Before I begin, let me say that I am skeptical about government regulation, especially to ensure safety. As my posts "Worker Safety", "Fairness and the Free Market", "Greed Versus Evil", "In Praise of Contracts" and others show, I am convinced that, absent massive government intervention into the market, employers have a selfish interest in maintaining safety, and will do so in a more cost effective and reasonable manner than the government. In fact, as should be obvious from "Gun Control, The FDA and Regulating the Law Abiding", "Professional Education", "Licensing", "Business Licensing and Regulation", "Bad Economics Part 12", "Real Life and Regulation" and "Insider Trading", I am skeptical that any government regulation produces the benefits claimed, or any benefits at all. It seems to me that the end result of most regulation is not protection of consumer interests, or public safety, but economic stagnation and entrenched elites who enjoy unfair advantages in the market. ("Anti-Business Businesses", "Transparency, Corruption and Reform", "The Difference Between Public and Private, Or, The Real Monopolies and Cartels", "Bureaucratic Management", "The Bureaucratic Mind", "Bureaucracy Revisited", "The Inevitability of Bureaucratic Management in Government Enterprises", "Bureaucratic Management and Self-Policing")

But one does not need to agree with my position on regulation to accept my remaining arguments in this post. Similarly, one does not need  to accept my minimalist view of government. ( "My Vision of Government", "My Vision of Government Part II", "Man's Nature and Government", "Prelude", "An Analogy") While I think that the government's role, on the federal, state and local levels, is a very restricted one, my argument here does not rely upon that belief. I will take a moment to explain my position later, describing what I believe should have been the government response to the BP spill, but I will also provide several alternate arguments, based on more expansive views of the role of government. 

In short, though this argument is made much more obvious, and far easier to justify, by adopting my beliefs on the role of government and the pointlessness of regulation, neither belief is necessary. One need only believe in small government with limited power1, possibly with a more federalist structure ("Why I Am Not A Libertarian", "The Benefits of Federalism") for the argument to be found valid. So, although from time to time I will start an argument based upon my extremely minimal government position, please bear with me, as most such arguments will be followed by an alternative take, based on less extreme principles.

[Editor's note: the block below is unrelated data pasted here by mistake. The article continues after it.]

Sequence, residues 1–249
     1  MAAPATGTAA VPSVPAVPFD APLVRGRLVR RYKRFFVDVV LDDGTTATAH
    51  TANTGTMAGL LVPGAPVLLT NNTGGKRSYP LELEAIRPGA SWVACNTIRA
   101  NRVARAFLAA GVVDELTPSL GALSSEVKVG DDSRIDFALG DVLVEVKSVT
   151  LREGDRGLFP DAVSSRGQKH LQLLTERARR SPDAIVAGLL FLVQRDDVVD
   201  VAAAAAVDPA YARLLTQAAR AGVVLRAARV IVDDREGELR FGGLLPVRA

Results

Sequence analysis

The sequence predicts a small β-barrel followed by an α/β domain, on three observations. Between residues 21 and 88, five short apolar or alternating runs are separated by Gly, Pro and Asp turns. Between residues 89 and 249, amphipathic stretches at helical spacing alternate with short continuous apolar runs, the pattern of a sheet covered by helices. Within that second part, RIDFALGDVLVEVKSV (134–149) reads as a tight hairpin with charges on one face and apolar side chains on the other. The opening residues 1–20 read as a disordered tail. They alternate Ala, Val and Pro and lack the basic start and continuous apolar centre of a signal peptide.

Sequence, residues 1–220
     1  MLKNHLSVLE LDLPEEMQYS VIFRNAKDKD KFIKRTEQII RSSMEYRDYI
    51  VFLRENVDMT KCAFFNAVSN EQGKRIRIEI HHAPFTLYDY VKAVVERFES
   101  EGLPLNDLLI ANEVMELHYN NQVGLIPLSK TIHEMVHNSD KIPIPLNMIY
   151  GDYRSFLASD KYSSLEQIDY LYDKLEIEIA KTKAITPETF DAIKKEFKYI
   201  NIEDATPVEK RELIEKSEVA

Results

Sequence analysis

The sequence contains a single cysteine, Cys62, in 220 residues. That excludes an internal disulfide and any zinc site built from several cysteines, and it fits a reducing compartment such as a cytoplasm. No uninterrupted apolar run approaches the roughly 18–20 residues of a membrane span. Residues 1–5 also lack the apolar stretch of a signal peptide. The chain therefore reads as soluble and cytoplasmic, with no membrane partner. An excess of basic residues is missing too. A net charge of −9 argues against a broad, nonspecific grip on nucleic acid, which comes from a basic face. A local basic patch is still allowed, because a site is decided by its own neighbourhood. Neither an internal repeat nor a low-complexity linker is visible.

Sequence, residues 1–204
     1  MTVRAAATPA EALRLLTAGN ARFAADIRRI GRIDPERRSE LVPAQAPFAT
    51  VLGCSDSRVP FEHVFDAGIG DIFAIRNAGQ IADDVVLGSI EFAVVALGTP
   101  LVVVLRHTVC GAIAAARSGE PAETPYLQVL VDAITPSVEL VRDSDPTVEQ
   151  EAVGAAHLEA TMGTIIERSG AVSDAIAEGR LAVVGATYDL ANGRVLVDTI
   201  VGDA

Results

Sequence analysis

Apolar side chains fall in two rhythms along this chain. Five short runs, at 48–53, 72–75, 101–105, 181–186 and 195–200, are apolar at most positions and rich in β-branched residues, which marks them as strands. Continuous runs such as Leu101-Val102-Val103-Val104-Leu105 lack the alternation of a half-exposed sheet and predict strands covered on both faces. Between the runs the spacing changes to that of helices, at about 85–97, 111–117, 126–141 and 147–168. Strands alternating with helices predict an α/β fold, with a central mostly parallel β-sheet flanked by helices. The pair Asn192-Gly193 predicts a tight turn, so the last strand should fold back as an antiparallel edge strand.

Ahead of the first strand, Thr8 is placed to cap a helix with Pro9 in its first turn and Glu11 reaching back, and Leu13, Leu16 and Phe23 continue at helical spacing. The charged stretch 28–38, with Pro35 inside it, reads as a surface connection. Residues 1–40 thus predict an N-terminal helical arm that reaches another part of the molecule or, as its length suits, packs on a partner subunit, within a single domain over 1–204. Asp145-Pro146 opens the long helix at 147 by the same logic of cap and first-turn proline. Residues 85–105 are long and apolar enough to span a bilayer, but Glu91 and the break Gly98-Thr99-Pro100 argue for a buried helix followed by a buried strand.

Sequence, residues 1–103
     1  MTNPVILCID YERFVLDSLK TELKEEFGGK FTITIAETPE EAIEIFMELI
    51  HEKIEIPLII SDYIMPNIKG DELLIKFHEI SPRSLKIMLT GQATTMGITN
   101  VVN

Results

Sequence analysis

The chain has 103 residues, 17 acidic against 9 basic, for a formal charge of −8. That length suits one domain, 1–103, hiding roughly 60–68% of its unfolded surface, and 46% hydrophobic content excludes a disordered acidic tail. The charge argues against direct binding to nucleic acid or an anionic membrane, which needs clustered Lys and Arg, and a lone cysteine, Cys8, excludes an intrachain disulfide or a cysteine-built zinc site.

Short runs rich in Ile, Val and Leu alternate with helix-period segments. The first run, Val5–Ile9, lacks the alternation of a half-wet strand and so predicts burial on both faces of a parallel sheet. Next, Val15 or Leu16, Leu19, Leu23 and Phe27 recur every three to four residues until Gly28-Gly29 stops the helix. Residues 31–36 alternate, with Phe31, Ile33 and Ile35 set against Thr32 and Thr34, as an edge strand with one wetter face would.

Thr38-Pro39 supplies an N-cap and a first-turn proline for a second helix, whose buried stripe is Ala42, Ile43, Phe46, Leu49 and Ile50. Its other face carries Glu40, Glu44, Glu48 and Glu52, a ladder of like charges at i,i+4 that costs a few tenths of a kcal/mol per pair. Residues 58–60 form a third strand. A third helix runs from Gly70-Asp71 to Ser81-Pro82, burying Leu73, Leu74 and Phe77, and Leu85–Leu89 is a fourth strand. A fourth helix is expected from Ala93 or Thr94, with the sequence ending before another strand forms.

Having said all that, let us proceed with the first part of our argument, the flip side of the media's double standard in handling Gulf coast crises, the right's dual standards.

When Katrina struck, the media almost immediately began criticizing the Bush administration. Overlooking the fact that the federal government cannot become involved until it is asked by the states, the press acted as if Bush had somehow delayed action and made the crisis worse. On the other hand, the right, quite properly, argued that the state and city should have done more, and if they needed federal help, needed to call for it earlier. And, quite surprisingly, some on the right even mentioned that the first responsibility rested on the individuals themselves, and that those who sat and waited without even trying to help themselves were much more to blame than Bush.

Cut to the BP crisis and the roles are almost entirely reversed. The left is, rightly, arguing BP has the first responsibility for cleanup. They may be arguing the wrong approach, relying mainly on coercive federal action against BP, but they are right as to where the responsibility lies. On the other hand, the right is jumping into the "Great Job, Brownie" mode and blaming the Obama administration for doing too little2. There is some valid grounds for complaint in how the Obama administration handled things, specifically their refusal to lift regulations barring foreign assistance, but as most of the criticism has focused on their lack of "action", I think it is fair to argue the right is essentially arguing the federal government was not intrusive enough.